Even a great camera won’t take memorable shots if it’s so big that you tend to leave it at home. So companies are creating models that aim for a happy medium between pocketable point-and-shoots and higher-quality SLRs. This new breed can change lenses to suit a shot, like an SLR does, but ditches the optical viewfinder and the bulky mirror that sends it light. That means compromise: Autofocus isn’t SLR-fast, there are fewer lenses, and point-and-shoots are still smaller. We tested which interchangeable-lens compacts (ILCs) hit the sweet spot.
BODY SIZE: 4.5 x 2.8 x 1.6 in.
THE FEATURES: The E-PL1 is one of the most compact cameras to use a format called Micro Four Thirds, which started the slimming ILC trend in late 2008. Its image sensor is smaller than most digital SLRs—about 7/10 the size—yet about nine times that of a point-and-shoot.
THE PICTURES: The small sensor still snaps outstandingly crisp, sharp photos. But it does generate a lot of image noise—grainy spots most apparent in low-light pics. In the end, the E-PL1 is mainly for users who put a premium on petite.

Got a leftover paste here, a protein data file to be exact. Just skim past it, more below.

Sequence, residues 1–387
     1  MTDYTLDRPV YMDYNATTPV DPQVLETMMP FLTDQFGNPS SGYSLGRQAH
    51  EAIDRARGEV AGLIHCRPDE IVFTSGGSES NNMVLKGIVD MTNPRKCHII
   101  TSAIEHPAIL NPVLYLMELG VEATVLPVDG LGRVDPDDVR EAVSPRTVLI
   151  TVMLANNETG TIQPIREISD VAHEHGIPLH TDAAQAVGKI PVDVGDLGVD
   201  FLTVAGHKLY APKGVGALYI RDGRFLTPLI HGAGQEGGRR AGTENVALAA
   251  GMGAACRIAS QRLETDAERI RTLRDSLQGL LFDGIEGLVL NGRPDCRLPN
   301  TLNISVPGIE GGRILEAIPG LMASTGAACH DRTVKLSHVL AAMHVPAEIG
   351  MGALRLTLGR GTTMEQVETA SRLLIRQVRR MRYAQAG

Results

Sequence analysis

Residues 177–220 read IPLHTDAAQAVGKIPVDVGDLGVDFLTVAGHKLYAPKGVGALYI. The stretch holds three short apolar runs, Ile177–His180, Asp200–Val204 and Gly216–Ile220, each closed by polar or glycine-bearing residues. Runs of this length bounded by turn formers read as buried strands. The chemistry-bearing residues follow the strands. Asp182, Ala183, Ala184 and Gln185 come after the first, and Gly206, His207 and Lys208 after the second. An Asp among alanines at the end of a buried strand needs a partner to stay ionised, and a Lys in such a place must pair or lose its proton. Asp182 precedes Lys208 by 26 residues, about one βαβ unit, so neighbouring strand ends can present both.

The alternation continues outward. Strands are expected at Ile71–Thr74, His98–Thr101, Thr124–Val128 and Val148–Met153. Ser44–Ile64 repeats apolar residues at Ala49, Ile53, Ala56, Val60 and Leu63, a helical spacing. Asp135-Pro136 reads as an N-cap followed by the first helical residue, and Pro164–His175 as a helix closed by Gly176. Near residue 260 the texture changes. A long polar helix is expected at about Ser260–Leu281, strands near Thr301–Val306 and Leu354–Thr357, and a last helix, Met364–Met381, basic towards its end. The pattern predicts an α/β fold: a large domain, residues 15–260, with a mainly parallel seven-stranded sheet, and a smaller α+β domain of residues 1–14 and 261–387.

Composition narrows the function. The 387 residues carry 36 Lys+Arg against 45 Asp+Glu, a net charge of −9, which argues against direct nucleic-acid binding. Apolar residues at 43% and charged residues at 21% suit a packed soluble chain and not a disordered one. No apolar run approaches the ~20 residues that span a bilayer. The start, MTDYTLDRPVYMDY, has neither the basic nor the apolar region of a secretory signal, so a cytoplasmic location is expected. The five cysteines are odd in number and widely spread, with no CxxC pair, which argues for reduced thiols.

GET IT: $600 (with lens); olympusamerica.com
BODY SIZE: 4.8 x 3.4 x 1.6 in.
THE FEATURES: Samsung’s first ILC uses the same size sensor as an SLR, outmeasuring the Olympus. Unfortunately, the camera is also larger, partly because it builds in an electronic viewfinder (a tiny LCD eyepiece to mimic an SLR’s window) that, sadly, blurs when it moves quickly.
THE PICTURES: The larger sensor does the trick for eliminating grainy image noise. The NX10’s overall image quality is on par with a similarly priced SLR. On the other hand, it’s not much smaller, and its autofocus is slower.
GET IT: $700 (with lens); samsung.com
BODY SIZE: 4.4 x 2.4 x 1.6 in.
THE FEATURES: The Sony combines the Olympus’s small body with the Samsung’s sensor size and adds some tricks. It takes 1080i high-def videos (the others do 720p) and autofocuses while filming. It fires seven shots per second, and its high-dynamic-range mode catches detail in bright scenes.
THE PICTURES: The photo quality is about the same as the Samsung’s, and although the autofocus speed still lags behind an SLR’s, it’s close. That, plus its near-pocketability and fun features, makes it an exceptional camera—and the best of the bunch.
GET IT: From $650 (with lens); sony.com
Also see our guide to using vintage Leica lenses with the current generation of interchangeable lens digitals.
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